Michigan Imposing Tighter Regulatory Controls on Compounding Pharmacies

On April 24, 2014, the Michigan Senate Health Policy Committee held its first hearing on Senate Bills 704 and 904, a pair of proposed legislation which will impose additional regulatory controls on compounding pharmacies. The bills, which were introduced and sponsored by State Senator Joe Hune (R-22 Dist.), impose additional compliance requirements on compounding pharmacies and elevate criminal penalties for particular violations.

Bill 704 imposes several new administrative requirements, including a heightened record-keeping requirement for compound recipes and a mandatory bi-annual inspection by Michigan’s Department of Licensing and Regulatory Affairs. Bill 704 requires the designation of a “pharmacist in charge” at every facility. The proposed legislation imposes ongoing licensing and accreditation requirements which will most definitely result in additional costs to compounding pharmacies. Bill 704 also enables the State to immediately suspend a compounding pharmacy license upon notice of an imminent risk to public health or safety by the United States Food and Drug Administration (FDA) or the Centers for Disease Control and Prevention (CDC). Regulatory violations, as defined by Bill 704, are complimented by potential criminal repercussions set forth in Bill 904.

Bill 904 directly amends Michigan’s Code of Criminal Procedure to include in the sentencing guidelines the offenses proposed by Senate Bill 704. Under the proposed sentencing guideline, a civil violation by a compounding pharmacy which results in personal injury to a consumer can result in a four-year prison sentence. A violation that results in a patient death will carry a maximum prison sentence of fifteen years.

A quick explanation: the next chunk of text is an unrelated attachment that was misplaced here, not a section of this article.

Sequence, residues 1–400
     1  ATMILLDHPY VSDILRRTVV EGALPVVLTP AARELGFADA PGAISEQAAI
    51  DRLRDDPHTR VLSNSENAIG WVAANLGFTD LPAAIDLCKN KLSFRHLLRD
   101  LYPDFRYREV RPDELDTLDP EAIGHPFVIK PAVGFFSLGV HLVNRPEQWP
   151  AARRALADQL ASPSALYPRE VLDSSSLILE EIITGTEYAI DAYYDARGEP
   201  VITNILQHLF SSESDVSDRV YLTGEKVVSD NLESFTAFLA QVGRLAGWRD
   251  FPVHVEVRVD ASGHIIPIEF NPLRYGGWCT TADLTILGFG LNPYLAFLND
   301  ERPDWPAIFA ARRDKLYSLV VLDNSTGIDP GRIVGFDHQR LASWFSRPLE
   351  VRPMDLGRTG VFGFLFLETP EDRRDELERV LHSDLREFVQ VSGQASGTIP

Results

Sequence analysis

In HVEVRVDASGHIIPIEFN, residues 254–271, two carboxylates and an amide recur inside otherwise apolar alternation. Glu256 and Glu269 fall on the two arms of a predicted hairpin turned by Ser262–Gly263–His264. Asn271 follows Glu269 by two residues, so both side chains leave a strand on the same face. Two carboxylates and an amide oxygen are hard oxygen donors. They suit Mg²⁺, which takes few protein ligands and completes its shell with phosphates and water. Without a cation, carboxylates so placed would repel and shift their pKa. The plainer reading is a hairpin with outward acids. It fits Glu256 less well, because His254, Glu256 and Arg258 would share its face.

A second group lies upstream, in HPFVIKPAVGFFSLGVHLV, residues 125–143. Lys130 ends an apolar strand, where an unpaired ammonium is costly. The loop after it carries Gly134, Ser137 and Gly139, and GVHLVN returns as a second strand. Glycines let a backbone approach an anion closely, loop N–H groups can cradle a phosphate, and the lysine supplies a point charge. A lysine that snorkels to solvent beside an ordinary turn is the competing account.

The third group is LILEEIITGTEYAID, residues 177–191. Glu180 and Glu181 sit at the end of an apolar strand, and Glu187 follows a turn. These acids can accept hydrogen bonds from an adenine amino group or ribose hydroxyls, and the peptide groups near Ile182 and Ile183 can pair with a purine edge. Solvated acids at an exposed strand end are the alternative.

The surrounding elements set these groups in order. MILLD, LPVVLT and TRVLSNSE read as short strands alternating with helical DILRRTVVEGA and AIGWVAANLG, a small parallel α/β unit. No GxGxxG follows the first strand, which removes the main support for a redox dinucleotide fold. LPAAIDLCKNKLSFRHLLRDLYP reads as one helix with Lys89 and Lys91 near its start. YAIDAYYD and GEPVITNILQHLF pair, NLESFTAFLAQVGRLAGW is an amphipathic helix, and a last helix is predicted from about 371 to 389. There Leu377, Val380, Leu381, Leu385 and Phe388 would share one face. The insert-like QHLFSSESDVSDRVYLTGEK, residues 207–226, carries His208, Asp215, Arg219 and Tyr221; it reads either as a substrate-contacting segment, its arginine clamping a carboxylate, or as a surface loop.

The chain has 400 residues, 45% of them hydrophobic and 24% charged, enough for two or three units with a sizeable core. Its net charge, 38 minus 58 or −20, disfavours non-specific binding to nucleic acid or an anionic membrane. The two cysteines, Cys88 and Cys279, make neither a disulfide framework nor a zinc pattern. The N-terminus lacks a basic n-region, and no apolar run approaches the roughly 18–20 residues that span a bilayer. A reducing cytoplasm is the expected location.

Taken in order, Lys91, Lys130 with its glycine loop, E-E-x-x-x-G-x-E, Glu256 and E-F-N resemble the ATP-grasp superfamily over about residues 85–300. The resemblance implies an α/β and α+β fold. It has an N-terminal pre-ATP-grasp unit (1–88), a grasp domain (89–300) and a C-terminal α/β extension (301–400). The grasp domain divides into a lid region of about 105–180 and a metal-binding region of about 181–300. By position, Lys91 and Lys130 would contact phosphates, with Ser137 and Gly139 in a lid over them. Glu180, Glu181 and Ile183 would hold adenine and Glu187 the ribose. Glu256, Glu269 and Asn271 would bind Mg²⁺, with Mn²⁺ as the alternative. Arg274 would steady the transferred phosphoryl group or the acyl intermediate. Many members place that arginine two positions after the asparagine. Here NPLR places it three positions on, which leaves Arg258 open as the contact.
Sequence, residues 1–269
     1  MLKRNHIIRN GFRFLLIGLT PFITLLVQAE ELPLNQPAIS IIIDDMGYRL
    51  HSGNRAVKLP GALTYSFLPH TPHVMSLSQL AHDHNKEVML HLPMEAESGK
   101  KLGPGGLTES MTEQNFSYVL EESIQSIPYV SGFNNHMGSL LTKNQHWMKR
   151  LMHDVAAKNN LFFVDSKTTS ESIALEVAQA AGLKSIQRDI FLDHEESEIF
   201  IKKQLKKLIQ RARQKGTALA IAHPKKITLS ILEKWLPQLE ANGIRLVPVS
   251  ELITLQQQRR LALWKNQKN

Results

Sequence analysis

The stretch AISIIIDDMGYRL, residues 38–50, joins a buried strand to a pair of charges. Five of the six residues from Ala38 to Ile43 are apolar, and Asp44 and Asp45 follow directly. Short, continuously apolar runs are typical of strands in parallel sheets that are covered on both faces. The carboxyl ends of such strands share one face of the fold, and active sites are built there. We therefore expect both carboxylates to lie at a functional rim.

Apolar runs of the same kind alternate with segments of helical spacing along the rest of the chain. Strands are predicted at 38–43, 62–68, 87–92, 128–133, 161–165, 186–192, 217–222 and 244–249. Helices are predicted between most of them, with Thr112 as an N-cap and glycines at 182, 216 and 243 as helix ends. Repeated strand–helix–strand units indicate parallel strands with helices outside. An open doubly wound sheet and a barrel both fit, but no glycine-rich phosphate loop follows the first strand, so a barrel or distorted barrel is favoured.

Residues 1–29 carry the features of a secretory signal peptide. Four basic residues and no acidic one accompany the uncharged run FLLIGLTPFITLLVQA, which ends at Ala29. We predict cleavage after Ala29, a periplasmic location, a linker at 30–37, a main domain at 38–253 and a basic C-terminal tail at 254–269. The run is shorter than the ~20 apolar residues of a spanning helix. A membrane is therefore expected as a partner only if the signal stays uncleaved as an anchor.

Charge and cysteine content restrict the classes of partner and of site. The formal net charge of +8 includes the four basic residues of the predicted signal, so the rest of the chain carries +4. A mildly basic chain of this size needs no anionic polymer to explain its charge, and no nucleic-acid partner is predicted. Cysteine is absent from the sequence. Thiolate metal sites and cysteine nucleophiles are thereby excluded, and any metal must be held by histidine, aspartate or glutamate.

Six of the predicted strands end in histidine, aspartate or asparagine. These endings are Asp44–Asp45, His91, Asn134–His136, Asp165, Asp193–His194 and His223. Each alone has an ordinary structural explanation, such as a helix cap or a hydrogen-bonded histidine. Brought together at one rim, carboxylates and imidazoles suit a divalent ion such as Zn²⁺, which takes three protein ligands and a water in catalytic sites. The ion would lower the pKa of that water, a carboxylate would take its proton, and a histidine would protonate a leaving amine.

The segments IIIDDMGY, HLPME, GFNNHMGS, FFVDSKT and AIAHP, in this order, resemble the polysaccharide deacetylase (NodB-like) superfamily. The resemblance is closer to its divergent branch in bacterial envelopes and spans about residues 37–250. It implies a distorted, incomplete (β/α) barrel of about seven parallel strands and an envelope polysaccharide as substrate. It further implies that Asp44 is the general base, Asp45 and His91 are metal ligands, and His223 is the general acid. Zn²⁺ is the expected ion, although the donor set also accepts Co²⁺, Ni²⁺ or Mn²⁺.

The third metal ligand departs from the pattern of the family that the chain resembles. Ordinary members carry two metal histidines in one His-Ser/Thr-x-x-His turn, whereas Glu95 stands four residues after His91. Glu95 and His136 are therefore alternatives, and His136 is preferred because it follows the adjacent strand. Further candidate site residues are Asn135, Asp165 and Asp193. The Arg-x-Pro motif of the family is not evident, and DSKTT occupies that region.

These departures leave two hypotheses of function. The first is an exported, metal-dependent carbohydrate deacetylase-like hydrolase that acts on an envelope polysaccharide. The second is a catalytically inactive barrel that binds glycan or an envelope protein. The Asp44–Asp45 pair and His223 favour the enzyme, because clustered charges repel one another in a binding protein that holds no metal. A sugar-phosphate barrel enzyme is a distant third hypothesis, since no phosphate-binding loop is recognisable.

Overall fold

The bills come as direct response to a 2012 meningitis outbreak linked to New England Compounding Center (NECC), a now-defunct Massachusetts compounding facility. While the bills have been met with support across the Michigan State Legislature, they will impose additional costs on compounding pharmacies and require additional due diligence.

Frier Levitt can assist pharmacies in meeting various legal standards and can advise clients on compliance with State and Federal laws and regulations. Contact Frier Levitt for help navigating your pharmacy through the evolving regulatory requirements and avoiding potential liability.

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